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America's weapons evidence flawed, say spies
From Tim Reid in Washington

Times of London
May 07, 2003

THE continuing failure to find Saddam Hussein’s weapons of mass destruction has triggered a blame game in America’s intelligence agencies that erupted into public view yesterday.

As the hunt continues for Iraq’s alleged stockpiles of chemical and biological weapons — the main justification cited by President Bush for the war — carefully placed leaks revealed deep misgivings inside the CIA over intelligence used by the White House to make its case against Saddam.

Present and former CIA officials, quoted in The New York Times and The New Yorker magazine, claimed that a small number of powerful neo-conservative ideologues in the Pentagon were so determined to prove the existence of a banned weapons programme and links to al-Qaeda that they manipulated intelligence.

According to a report written by Seymour Hersh, the veteran New Yorker investigative reporter, the Pentagon’s Office of Special Plans (OSP) relied too heavily on suspect intelligence provided by Iraqi defectors with links to the Iraqi National Congress, an opposition group headed by Ahmad Chalabi, an Iraqi exile.

Mr Hersh reported that intelligence gathered by the OSP drove the war agenda, often in the face of evidence that it was either unreliable or false. The OSP reported to Paul Wolfowitz, the Deputy Defence Secretary and a leading proponent of the war.

One former CIA official told Mr Hersh: “One of the reasons I left was my sense that they (OSP) were using the intelligence from the CIA and other agencies only when it fits their agenda. They were so crazed and so far out and so difficult to reason with . . . as if they were on a mission from God. If it doesn’t fit their theory, they don’t want to accept it.”

Mr Hersh maintained that key intelligence provided by Iraqi defectors with links to the Iraqi National Congress was disputed by the CIA.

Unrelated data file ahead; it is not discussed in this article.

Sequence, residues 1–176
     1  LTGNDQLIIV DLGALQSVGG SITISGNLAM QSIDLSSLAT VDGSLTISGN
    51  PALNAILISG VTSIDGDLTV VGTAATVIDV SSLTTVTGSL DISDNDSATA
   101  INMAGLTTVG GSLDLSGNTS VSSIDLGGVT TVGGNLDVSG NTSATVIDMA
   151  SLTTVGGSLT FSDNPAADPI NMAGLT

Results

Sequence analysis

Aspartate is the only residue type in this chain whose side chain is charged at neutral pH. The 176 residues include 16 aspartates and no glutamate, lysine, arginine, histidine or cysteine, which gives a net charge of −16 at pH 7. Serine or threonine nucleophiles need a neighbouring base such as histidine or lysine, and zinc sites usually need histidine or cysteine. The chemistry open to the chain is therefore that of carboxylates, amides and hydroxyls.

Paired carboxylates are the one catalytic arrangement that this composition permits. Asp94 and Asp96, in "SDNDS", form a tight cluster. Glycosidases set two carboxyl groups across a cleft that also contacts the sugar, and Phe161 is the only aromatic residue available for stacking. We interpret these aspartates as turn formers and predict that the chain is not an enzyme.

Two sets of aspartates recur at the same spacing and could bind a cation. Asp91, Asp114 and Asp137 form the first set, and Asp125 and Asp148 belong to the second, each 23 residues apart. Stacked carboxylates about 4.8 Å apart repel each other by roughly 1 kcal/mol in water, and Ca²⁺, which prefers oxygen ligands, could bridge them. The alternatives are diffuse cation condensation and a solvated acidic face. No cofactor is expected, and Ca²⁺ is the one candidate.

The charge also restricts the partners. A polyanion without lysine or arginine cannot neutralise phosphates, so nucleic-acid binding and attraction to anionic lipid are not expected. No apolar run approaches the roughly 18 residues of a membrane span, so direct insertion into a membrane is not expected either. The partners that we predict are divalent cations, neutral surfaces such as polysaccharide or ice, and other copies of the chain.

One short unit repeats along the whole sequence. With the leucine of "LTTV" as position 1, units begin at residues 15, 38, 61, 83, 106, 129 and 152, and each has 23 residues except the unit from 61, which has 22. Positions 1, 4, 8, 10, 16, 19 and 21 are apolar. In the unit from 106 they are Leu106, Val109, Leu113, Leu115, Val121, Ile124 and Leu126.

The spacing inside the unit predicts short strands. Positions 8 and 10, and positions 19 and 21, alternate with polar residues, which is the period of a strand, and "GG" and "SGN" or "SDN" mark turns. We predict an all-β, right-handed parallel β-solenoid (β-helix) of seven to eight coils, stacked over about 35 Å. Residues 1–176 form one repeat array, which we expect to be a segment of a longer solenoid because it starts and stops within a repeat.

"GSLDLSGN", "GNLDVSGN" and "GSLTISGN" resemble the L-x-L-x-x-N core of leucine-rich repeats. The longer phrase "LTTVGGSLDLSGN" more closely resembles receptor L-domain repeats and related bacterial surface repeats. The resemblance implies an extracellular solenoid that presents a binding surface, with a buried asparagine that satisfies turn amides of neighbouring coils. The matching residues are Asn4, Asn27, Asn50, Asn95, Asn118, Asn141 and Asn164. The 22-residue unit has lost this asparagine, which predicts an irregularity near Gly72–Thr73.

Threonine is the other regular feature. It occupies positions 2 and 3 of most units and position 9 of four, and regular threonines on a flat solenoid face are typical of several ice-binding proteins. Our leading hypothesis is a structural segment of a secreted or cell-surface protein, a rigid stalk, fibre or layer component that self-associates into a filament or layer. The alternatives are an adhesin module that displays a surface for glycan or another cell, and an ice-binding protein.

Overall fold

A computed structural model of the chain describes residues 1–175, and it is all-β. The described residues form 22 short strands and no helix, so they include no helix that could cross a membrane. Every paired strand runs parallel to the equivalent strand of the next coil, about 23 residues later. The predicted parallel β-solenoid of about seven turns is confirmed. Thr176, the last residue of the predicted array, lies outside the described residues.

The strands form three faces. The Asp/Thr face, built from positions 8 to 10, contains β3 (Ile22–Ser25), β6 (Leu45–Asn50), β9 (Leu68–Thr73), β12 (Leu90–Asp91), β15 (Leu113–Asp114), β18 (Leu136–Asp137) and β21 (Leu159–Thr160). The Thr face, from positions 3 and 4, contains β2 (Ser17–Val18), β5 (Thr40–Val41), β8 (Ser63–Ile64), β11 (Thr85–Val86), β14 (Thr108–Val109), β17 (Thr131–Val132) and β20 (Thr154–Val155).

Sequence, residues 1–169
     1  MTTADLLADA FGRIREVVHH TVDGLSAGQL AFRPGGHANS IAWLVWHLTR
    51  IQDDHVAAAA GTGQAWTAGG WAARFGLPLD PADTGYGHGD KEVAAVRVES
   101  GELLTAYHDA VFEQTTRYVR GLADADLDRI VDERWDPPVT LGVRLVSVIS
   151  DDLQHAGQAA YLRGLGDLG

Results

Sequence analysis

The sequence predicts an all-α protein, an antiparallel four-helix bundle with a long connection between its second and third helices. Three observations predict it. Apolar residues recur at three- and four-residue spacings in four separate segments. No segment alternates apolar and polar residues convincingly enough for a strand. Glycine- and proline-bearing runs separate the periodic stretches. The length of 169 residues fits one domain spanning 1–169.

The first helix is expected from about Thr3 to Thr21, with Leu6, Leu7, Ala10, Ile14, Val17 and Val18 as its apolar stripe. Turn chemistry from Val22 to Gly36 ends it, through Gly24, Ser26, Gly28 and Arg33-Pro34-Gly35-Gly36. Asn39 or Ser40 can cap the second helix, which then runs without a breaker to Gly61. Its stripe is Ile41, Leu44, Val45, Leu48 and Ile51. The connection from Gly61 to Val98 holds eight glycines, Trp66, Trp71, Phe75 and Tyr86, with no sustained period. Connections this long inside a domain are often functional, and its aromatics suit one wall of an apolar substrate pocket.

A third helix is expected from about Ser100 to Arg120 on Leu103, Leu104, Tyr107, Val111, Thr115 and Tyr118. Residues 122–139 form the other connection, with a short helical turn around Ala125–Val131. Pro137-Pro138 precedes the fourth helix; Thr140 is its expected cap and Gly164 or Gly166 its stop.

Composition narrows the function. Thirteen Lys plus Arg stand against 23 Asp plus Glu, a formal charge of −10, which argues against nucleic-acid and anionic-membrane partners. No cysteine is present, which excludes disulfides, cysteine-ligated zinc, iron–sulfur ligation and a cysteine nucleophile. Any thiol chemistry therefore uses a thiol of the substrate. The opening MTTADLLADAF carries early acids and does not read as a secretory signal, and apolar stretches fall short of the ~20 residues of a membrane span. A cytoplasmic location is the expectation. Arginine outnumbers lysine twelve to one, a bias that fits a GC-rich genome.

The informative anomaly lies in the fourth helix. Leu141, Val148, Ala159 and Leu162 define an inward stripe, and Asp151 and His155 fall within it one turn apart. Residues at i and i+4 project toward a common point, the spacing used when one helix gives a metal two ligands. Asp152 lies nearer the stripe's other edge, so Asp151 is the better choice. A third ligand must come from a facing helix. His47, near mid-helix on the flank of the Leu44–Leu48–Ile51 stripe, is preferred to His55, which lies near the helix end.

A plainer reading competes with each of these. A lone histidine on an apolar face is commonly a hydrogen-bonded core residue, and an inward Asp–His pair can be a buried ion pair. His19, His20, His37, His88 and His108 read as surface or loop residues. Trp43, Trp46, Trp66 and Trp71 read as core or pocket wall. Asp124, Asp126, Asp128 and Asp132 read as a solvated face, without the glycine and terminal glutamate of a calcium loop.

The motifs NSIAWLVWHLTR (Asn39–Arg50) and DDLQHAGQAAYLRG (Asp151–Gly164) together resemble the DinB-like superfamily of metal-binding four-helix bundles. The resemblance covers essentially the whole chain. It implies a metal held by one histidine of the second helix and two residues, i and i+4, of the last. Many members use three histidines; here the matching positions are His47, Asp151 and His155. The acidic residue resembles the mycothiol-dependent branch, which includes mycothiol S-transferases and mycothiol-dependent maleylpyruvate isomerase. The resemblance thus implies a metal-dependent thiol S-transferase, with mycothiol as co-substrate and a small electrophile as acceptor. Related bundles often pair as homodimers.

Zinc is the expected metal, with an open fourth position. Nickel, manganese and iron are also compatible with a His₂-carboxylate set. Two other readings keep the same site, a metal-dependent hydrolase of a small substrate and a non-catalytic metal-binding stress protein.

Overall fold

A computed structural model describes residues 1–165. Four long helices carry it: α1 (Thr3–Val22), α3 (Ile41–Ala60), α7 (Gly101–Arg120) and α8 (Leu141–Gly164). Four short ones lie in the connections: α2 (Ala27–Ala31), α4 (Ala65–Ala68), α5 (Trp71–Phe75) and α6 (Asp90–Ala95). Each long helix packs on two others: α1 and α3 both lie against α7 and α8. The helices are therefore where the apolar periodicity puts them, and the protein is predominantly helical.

He cited as one example the evidence of Adnan Ihsan Said al-Haideri, a civil engineer who fled Iraq in 2001 with the National Congress’s help. Mr al-Haideri, Mr Hersh said, was apparently the source for the assertion by Colin Powell, the Secretary of State, in his speech to the UN Security Council that the US had “first-hand descriptions” of hidden mobile chemical and biological factories. The 20 claimed sites have been examined by UN inspectors and US forces and no trace of banned weapons facilities was found.

Patrick Lang, a former head of Middle Eastern affairs in the Pentagon’s Defence Intelligence agency, told Nicholas Kristof, of The New York Times, that when experts wrote reports sceptical about the existence of weapons of mass destruction “they were encouraged to think it over again”.

Saddam Hussein is alleged to call on Iraqis to rise up against US-led forces in Iraq in a cassette said to have been recorded this week, an Australian newspaper reported.
In the recording, delivered to Sydney Morning Herald journalists in Baghdad, a “tired-sounding” voice said: “We have to go back to the secret style of struggle that we began our life with . . . your main task is to kick the enemy out from our country.” The newspaper played the tape to 13 Iraqis, including a former acquaintance of Saddam, and “the overwhelming opinion was that the voice and rhetoric were very similar, or identical, to those of Saddam”.

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